Crop quality issues across North America and Europe could see durum prices peak in November, says one analyst
Durum buyers have begun chasing durum sellers, but they aren’t chasing too hard yet.
However, some analysts think western Canadian bids for No. 1 and 2 durum are likely to rise as supplies of quality durum diminish.
“I’ve been watching the market to see if it would eventually take off,” said Mike Krueger of the Money Farm advisory service in Fargo, North Dakota.
“Down here, prices have been relatively stable.”
Durum crop quality problems in Canada, the United States and Europe should help prices rise more than $1 per bushel, which has happened in the last month in Canada, Krueger said.
Neil Townsend of FarmLink Marketing agreed.
“My own view is that prices will peak here in the November to December (period),” said Townsend.
It’s because elevator companies would have used the first purchases of high quality durum mostly to cover short positions, and the demand would have slackened once those needs were met.
However, now that the grain companies see how tight the quantity of high-quality durum is, they will be keen to obtain it and make new sales, Townsend said. Then, as quantities shrink to negligible levels, buyers will probably back off, scared to pay too much for grain for sales they haven’t yet made or afraid to make sales for crop they haven’t yet obtained.
Little of Canada’s durum crop is in the top two classes. A lot is No.3 milling grade and there is also a lot of feed grade. Some has such high amounts of fusarium damaged kernels and vomitoxin that it will even have trouble being sold as feed.
Price spreads between good and poor quality durum are extreme with one industry source saying mid-Saskatchewan prices have been $7.30 to $7.60 per bushel for No. 3 but only $2.25 per bu. for feed. Prices over $10 per bu. for top quality have been seen in Canada and the U.S.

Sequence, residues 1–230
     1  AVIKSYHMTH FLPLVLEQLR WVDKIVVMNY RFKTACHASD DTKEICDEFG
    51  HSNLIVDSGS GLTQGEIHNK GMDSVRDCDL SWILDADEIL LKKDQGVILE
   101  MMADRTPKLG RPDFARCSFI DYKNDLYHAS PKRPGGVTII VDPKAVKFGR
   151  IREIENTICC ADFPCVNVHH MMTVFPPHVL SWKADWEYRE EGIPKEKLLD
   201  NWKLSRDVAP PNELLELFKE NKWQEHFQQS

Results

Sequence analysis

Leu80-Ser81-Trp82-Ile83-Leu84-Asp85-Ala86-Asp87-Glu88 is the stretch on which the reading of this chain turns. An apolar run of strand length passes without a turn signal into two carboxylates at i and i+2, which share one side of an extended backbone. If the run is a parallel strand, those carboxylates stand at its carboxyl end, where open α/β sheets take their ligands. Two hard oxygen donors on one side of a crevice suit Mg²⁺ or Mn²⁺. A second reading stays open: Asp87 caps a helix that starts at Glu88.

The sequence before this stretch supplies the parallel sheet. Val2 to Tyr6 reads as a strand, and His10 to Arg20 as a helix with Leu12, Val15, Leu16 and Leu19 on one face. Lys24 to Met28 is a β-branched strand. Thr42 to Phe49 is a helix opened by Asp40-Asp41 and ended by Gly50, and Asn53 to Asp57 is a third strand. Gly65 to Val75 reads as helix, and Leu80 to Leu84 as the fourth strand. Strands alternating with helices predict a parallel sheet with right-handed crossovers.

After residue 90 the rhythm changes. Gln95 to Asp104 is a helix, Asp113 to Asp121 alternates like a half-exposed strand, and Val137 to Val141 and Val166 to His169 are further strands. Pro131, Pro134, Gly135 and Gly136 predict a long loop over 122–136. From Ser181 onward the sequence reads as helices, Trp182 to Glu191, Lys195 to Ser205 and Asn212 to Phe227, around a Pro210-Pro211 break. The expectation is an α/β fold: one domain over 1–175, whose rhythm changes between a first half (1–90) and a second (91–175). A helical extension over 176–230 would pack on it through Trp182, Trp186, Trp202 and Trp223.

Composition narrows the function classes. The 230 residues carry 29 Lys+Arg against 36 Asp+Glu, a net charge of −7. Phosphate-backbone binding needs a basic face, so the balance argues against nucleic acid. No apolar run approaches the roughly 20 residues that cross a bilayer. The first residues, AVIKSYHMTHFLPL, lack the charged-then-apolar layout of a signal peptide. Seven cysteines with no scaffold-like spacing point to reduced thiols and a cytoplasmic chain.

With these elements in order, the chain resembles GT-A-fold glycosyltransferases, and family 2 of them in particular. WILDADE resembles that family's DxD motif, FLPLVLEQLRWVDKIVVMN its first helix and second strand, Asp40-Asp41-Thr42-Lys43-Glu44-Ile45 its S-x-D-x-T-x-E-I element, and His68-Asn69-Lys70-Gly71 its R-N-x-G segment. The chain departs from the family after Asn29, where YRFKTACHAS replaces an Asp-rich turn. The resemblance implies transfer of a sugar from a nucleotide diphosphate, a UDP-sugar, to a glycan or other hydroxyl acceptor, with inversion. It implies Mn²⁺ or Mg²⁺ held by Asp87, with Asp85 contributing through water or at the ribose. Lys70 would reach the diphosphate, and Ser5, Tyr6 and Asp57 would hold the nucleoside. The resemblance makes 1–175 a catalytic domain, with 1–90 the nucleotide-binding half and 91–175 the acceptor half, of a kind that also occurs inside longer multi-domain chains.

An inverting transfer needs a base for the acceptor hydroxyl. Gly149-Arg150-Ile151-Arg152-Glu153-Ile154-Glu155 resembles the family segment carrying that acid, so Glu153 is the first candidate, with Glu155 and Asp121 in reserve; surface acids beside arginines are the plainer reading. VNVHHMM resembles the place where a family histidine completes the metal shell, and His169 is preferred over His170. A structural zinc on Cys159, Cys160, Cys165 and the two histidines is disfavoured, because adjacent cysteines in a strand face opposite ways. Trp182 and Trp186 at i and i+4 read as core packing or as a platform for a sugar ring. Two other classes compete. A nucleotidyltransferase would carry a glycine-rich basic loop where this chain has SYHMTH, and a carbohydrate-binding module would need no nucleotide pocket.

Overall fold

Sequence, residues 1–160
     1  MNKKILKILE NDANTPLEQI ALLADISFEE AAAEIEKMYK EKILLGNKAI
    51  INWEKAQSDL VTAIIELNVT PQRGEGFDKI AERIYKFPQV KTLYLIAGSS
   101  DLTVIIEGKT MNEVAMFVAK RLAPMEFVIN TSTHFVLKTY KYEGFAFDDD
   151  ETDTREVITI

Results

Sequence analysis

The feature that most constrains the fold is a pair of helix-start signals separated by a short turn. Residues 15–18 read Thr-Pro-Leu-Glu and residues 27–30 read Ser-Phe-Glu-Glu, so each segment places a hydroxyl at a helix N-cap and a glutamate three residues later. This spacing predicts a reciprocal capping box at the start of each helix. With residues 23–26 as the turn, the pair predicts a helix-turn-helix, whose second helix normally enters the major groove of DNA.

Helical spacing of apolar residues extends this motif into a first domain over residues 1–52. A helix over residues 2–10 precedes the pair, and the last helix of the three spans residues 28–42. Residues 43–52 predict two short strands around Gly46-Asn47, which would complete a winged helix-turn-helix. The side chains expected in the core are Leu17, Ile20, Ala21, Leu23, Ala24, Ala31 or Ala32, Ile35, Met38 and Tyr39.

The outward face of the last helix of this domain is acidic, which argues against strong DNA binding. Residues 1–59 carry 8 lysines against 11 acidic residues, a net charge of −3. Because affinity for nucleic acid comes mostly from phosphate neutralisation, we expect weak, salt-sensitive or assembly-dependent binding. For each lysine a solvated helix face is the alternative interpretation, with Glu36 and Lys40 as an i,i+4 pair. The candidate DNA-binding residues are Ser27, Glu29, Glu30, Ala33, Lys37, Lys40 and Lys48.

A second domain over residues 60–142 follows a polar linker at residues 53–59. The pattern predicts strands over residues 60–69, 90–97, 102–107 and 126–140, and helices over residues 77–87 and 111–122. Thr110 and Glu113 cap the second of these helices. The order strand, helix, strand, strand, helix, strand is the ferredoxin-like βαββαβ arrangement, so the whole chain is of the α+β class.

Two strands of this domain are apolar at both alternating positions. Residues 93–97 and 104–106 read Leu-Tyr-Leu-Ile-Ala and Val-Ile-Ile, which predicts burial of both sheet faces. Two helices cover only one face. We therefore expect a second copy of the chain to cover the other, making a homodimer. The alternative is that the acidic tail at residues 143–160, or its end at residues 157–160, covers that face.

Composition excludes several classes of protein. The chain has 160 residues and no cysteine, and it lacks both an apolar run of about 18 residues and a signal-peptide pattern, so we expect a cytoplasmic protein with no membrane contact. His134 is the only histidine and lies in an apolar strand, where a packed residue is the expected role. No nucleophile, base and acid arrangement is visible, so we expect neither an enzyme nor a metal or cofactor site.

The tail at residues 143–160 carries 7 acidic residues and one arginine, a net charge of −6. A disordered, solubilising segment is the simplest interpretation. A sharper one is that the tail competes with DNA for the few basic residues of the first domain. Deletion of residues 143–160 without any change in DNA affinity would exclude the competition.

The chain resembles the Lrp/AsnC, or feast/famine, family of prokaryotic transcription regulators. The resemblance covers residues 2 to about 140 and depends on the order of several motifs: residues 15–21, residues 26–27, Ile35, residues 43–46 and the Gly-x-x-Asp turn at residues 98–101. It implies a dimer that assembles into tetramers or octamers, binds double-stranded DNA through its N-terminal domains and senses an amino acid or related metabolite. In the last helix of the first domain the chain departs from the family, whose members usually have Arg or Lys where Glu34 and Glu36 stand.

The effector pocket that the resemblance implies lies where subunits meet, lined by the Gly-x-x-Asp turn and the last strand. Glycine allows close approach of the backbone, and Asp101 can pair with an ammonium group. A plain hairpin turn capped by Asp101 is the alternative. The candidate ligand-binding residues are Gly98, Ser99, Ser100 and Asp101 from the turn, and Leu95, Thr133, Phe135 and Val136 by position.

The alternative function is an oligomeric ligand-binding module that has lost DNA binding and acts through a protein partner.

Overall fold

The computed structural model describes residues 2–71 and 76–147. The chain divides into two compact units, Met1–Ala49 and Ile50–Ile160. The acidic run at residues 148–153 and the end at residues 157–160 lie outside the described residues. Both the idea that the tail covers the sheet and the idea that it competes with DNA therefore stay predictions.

The No. 3 prices have moved up about $1 per bu. since September, but feed prices are languishing because so much is coming to market.
John Duvenaud, publisher of the Wild Oats markets newsletter, said prices around $2.50 per bu. for high vomitoxin durum appear to be its “salvage value,” and lots of grain might fall into that area.
Moving damaged durum will be challenging, Duvenaud said. Farmers tend to want to move their worst grain first, so fusarium and vomitoxin tainted durum has flooded the elevator system, and the elevators have been passing it along to the feed mills.
“Direct farmer sales to feed mills have more or less dried up because they can get all they can handle and more from the majors,” said Duvenaud.
Ethanol plants have also been taking low quality durum, but their appetite is likely to be restrained by the fact that vomitoxin is concentrated in dried distillers grain.
There is a huge spread between low and high quality durum, but a large amount of farmers’ grain will fall in the middle with some able to be blended up and receive a better price than its independent value.
“This is a critical year to know what you’ve got,” said Townsend.
“I’ve heard of guys able to sell a mishmash of stuff … for one price…. None of the stuff might have been No. 2, but you end up with a two.”
While some farmers want to move bad grain first, Krueger said others will wait for better opportunities.
“They’ll just tuck it away and won’t do anything with it until they get a chance a year or two or five (from now) to leak it off when the discounts aren’t so bad,” he said.